Re: long lasting client socket connection
- From: Bill M <wpmccormick@xxxxxxxxxxxxxxxxxxxxxxxxx>
- Date: Sat, 14 Jan 2012 14:43:54 -0600
Rainer Weikusat wrote, On 1/13/2012 4:17 PM:
Bill M<wpmccormick@xxxxxxxxxxxxxxxxxxxxxxxxx> writes:
The client application is multi-threaded; each thread makes a socket
connection and keeps it open. Client threads continuously send
requests to the server, and then wait for a pthread condition when the
reply (terminated with \n) comes in, or it time times out.
A problem occurred when a client actually timed-out and the data came
in right after that, so then the next client that sent a request got
the reply for the previous, and so on from that point on. (The client
supplies the read buffer.)
As stated, this is not possible: If each client uses a connection of
its own, no client can ever receive a reply for another client.
I think this is the key comment. I need to re-think my design. Looking at things again, what I really have is a single client thread that multiple (other) threads are sharing. I need to re-code this so that each thread actually has it's own client. I'm trying to do this with code from a generic client object (that I also wrote). I need to figure out how to code this so that each client thread get's it's own copy of things like a file descriptor, sockaddr_in, and client state in general.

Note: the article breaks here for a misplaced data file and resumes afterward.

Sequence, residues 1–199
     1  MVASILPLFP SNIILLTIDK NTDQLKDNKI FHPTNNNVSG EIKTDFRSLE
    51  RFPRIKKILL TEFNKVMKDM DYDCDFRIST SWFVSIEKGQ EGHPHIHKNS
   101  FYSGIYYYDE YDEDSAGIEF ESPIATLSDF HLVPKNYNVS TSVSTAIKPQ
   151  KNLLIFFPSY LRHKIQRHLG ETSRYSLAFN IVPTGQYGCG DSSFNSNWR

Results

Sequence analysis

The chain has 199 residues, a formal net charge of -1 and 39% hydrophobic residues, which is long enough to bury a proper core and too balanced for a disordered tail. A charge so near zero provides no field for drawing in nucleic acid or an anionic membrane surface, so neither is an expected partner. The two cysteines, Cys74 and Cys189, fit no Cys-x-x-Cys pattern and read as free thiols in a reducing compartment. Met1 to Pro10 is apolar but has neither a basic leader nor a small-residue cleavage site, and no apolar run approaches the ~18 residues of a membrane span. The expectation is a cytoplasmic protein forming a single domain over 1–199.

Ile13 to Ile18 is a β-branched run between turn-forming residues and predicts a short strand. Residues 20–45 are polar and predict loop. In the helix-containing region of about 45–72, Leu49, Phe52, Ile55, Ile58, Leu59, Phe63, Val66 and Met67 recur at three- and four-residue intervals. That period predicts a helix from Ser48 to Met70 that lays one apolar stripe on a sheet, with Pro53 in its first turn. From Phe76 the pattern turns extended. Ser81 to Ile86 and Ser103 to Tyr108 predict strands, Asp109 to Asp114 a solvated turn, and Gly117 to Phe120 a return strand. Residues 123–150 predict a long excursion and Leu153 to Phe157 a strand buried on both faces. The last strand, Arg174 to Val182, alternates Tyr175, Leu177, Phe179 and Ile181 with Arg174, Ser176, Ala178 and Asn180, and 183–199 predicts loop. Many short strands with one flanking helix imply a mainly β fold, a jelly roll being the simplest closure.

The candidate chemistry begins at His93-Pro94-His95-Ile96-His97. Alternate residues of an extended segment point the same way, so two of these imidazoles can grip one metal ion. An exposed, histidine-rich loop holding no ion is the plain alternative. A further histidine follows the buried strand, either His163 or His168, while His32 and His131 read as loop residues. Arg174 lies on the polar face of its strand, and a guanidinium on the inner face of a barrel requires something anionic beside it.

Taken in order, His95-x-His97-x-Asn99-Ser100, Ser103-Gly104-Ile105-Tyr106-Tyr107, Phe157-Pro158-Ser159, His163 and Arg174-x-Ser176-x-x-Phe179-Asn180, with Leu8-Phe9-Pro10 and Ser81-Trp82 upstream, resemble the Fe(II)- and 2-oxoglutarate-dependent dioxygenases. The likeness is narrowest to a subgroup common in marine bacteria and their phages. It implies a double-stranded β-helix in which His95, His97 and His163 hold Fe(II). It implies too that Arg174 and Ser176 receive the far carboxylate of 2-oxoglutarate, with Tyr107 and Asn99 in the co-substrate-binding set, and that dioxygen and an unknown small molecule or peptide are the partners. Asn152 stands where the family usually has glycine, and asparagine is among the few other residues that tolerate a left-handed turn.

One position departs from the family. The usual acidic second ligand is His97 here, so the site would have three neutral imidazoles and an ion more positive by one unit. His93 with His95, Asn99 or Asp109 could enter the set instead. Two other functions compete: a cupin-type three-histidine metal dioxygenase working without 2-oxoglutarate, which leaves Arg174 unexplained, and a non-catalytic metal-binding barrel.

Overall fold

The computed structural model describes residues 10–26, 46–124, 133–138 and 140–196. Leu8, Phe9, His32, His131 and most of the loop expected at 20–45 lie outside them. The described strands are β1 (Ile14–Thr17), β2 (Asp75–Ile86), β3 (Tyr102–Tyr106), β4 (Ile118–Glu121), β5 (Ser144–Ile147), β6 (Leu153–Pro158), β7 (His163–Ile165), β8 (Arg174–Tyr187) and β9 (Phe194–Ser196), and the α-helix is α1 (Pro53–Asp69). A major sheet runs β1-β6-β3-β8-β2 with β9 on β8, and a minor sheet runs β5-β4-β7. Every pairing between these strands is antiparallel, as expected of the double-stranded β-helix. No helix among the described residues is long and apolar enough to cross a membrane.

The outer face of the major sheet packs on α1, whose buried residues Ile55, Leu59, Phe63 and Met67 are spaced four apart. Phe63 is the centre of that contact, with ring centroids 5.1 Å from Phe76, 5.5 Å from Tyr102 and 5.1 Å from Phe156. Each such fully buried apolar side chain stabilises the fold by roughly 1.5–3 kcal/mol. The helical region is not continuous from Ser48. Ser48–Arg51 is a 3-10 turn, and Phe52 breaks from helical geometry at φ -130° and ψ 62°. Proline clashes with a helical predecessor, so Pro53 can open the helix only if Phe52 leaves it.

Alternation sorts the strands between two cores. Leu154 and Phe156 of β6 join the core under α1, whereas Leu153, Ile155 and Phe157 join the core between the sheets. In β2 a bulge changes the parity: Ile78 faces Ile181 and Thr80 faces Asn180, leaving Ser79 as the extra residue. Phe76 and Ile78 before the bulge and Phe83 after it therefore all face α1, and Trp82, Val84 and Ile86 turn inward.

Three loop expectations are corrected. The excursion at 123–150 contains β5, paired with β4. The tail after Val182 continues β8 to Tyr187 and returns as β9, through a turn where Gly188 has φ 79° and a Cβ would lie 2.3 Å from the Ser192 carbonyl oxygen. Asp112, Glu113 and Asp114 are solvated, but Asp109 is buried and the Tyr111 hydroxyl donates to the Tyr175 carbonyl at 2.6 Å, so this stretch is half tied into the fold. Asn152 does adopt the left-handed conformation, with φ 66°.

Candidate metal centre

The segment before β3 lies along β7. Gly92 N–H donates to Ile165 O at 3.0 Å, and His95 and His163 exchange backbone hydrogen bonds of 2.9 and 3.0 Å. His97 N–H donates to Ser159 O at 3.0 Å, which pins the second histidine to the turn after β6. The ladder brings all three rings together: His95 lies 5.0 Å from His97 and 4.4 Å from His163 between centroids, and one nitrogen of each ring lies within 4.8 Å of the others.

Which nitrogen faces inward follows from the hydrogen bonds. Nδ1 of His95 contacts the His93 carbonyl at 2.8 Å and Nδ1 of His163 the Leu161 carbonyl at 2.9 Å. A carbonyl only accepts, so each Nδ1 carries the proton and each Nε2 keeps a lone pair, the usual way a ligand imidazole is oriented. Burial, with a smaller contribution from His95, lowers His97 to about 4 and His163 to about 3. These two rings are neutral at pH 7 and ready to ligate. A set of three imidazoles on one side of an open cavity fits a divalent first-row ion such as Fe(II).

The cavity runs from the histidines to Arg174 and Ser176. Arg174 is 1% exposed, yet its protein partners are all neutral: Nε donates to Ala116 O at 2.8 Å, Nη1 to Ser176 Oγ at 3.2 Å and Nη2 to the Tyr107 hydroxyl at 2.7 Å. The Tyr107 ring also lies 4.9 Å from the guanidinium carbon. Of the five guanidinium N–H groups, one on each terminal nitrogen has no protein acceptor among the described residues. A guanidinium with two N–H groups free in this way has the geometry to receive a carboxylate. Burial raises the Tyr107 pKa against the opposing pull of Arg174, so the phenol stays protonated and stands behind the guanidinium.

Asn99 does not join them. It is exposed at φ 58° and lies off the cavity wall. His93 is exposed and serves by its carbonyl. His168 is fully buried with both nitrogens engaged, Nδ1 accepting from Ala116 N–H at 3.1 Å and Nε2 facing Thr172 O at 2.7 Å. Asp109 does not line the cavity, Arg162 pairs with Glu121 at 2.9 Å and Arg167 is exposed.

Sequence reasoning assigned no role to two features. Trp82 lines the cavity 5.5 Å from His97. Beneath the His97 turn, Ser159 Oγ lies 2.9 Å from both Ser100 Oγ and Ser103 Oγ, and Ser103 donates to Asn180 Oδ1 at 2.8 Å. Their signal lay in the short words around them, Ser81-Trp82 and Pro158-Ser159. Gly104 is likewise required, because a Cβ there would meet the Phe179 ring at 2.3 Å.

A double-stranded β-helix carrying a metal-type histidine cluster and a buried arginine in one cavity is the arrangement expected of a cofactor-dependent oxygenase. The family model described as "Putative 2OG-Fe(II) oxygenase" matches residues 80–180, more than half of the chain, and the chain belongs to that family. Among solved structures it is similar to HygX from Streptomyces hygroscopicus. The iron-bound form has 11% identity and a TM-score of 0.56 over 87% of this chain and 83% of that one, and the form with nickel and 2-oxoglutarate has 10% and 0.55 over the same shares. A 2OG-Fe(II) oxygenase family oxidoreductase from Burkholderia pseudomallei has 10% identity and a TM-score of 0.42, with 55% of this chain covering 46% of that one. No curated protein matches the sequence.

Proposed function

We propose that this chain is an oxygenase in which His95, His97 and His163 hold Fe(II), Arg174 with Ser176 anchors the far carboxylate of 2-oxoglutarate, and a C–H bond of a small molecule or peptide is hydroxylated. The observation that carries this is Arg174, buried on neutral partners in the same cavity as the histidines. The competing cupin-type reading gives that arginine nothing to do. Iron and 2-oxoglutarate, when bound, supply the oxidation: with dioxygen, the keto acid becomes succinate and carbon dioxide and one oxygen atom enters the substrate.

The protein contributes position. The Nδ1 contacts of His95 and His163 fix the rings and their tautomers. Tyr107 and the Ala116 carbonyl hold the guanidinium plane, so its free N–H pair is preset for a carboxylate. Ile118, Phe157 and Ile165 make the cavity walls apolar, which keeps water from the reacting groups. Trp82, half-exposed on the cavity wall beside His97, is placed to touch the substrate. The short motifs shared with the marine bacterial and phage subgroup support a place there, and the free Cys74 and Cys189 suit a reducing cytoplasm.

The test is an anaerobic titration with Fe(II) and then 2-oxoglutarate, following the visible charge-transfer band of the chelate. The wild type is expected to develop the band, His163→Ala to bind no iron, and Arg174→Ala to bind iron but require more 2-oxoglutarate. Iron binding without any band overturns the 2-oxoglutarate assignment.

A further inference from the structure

Apart from that: If you think you need application level timeouts with
TCP then you need to destroy and recreate the connection after a
timeout occurred: Otherwise, you will either get all replies in the
order they were sent no matter if the client still wants them or not
or a transport layer connection abort after 'a long time'. TCP isn't
(and isn't designed to be) suitable for communication with realtime
requirements. Consider using UDP, possibly with a suitable
Given that each client "send" expects a reply, and that the "sends" are continuous, the I still think a connected TCP socket is the right way to do this. I just need to code it so that if a client attempts to send and errors occur before the reply is received, then the existing connection is torn down; a new one is built; and the send is attempted again.
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